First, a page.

Oregon Trails-Kingsley Field

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KLAMATH FALLS, Ore.–Mothballed fighter jets mounted on pedestals as if in flight are reminders of the decades that Kingsley Field, in Klamath Falls, has been on the frontline of the nation’s defense, or for training of future Air Force and Air National Guard pilots. “From 1954 to 1981 the Air Force was in charge of Kingsley Field,” says base historian Ryan Barthalomew.  “At varying times the peak population was about 2000 in the late 1960’s, but in 1981 the Air Force left and the Oregon Air National Guard out of Portland took over the alert duties at the base.”

Today Kingsley is the only place in the United States where pilots learning to master the F-15 can get their training, Air Force or Air Guard. Barthalomew adds that, “from 1988 to 1998, Klamath Falls trained Air National Guard F-16 pilots. And then we did another conversion in 1988 to the F-15, “C” model, and we’ve been training F-15 from ’98 to the present.”

The history of military flying in the Basin goes back a lot longer than that. It was actually in the late 1930’s that city fathers first tried to get a military air base here.  Ryan says, “it was inland from the coast. Great flying weather. We have visual flight rules as they call it 95% of the time. They thought it was an ideal spot for an air base.” When World War 2 came around, the Navy agreed, and the Klamath Falls Naval Air Station was established here in 1944. Barthalomew says, “in 1943 the ground was broken on the Klamath Naval Air Station, and the mission of the Klamath Naval Air Station was to train both Navy fighter pilots and Navy torpedo bomber crews.” The Navy closed their operations soon after the war and turned everything back to the city of Klamath Falls. “But it wasn’t until ’54 when the Air Force decided to make it a jet interceptor base that the military presence returned.”

In 1957 the Air Force turned to World War 2 history to find a hero for the new name for the base. Bartholomew says, ” but the community ultimately decided on David R. Kingsley, since he was from Oregon and he had won the Medal of Honor. So on July 3rd, 1957, the base became Kingsley Field.” Today a mural on a downtown Klamath Falls building features Kingsley’s wartime portrait, and the image of bombers on a mission over Romania. Kingsley was a Second Lieutenant, the bombardier of a B-17 known as the “Opissonya”. Under attack by German fighters, the pilot was forced to drop out of formation. Badly damaged, Kingsley was able to get the bombs away on the Poleisti oil fields. But the tail gunner was badly injured and Kingsley pulled him into the center of the bomber and was administering first aid when the call came to bail out. Kingsley saw the gunner’s parachute was damaged, and fitted his own onto the injured man and sent him to safety out the open bomb bay doors. Everyone else escaped. But not Kingsley. “The last time that anybody saw Kingsley alive was as they were falling, lookin’ up, and he was on the catwalk on the bomb bay doors,” says Barthalomew. The plane crashed a few moments later. Kingsley’s body was found and buried by local Bulgarian villagers, and today a monument to him and the family of seven who died when the plane went down is near their village.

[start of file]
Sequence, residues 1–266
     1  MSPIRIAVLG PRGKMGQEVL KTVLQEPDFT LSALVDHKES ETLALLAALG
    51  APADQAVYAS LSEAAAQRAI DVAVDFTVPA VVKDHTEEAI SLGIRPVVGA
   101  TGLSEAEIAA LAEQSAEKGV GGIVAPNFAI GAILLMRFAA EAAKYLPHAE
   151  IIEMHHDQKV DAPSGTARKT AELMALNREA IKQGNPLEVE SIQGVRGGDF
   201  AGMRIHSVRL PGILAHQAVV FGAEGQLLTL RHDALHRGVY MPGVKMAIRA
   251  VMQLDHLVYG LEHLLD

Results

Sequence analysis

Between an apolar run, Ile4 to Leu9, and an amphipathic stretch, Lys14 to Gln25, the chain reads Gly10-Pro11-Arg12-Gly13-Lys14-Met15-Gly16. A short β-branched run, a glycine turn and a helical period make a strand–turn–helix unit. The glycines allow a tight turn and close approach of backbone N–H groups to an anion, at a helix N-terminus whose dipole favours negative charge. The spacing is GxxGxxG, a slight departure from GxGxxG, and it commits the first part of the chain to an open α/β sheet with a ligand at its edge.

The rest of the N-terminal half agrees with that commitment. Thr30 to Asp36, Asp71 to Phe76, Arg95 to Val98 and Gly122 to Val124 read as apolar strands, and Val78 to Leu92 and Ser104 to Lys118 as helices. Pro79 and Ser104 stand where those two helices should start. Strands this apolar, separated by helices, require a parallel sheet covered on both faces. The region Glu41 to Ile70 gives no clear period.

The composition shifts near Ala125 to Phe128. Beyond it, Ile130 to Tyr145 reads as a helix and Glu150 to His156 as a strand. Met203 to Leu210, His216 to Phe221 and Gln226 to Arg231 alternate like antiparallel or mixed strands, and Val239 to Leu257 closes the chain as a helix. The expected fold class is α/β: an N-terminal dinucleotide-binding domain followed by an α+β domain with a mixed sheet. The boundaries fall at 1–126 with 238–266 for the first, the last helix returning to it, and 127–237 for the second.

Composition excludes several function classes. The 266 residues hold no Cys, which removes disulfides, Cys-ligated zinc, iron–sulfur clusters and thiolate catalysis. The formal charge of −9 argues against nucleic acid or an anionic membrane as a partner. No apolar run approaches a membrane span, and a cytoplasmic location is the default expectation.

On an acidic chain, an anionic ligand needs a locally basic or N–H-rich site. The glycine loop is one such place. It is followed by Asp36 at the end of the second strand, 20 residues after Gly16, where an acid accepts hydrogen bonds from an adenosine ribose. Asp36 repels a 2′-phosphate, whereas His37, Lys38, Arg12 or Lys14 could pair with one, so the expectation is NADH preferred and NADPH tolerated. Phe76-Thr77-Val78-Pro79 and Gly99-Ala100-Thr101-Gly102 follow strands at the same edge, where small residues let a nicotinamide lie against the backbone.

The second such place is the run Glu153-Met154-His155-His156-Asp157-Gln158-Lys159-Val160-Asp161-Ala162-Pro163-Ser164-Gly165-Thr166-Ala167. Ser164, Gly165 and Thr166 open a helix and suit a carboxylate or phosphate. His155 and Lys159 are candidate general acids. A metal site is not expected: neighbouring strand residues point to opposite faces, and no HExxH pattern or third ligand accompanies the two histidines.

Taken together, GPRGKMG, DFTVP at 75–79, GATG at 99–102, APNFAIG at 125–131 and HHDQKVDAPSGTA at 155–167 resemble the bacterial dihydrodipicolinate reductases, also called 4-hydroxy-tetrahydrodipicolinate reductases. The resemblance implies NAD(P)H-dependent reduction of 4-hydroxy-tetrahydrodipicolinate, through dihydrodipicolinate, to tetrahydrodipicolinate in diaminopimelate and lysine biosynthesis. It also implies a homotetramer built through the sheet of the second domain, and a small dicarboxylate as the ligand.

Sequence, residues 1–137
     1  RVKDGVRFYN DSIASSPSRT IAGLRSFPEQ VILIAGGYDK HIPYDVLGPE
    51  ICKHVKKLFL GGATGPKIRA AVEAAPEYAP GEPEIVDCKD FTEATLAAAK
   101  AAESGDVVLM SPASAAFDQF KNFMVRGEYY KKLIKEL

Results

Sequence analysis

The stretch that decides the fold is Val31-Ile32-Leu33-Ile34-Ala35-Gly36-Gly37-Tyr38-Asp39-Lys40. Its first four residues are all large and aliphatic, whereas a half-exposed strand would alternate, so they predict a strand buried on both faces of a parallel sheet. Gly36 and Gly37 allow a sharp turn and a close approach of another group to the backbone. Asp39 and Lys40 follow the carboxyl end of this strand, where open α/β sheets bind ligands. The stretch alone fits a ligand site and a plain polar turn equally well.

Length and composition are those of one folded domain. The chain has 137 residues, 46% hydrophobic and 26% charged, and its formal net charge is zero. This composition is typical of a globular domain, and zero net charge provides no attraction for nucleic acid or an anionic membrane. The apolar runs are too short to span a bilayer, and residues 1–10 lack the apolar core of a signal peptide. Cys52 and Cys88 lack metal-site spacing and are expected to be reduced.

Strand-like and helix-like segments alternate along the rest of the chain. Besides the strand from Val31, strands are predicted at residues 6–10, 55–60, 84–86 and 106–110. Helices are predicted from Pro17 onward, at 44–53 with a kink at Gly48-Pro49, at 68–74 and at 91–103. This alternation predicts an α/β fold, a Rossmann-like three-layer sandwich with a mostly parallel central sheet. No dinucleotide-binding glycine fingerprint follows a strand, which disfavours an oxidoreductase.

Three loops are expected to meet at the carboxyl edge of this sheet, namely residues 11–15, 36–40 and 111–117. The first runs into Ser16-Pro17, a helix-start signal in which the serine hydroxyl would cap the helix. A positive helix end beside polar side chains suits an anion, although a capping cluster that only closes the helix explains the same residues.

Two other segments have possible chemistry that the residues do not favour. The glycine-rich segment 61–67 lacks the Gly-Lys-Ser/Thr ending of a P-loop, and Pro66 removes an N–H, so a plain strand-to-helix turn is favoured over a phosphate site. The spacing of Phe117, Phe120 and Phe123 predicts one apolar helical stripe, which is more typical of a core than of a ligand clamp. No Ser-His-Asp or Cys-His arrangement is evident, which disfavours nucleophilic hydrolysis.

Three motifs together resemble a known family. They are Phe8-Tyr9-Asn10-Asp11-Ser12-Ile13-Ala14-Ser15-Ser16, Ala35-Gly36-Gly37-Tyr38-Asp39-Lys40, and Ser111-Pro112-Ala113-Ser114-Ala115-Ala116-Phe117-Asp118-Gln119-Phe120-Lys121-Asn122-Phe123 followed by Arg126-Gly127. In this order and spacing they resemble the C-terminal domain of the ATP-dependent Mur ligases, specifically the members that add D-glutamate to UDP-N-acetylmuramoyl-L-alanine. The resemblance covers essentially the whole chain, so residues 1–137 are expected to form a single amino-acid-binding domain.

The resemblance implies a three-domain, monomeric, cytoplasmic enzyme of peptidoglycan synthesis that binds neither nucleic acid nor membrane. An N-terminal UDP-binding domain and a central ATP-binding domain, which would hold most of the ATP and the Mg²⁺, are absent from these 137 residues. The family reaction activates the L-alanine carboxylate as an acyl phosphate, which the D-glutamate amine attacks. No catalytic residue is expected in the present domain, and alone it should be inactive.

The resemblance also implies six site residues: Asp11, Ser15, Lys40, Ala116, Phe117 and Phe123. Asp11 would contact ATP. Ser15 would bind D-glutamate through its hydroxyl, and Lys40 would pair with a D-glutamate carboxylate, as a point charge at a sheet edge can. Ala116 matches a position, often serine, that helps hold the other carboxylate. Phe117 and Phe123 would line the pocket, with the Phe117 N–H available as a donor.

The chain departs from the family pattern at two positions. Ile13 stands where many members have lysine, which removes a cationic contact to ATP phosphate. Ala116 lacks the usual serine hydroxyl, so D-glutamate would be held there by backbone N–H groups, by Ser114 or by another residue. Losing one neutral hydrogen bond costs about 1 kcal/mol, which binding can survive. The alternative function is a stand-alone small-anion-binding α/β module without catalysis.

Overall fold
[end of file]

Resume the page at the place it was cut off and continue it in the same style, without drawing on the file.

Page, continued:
At Kingsley Field, a piece of the B-17 that was saved is part of another monument to the Oregon flyer who gave up his own parachute so a wounded companion could have a chance to get home alive. For that he received a posthumous Congressional Medal of Honor, the only Oregon airman in the war to receive the honor.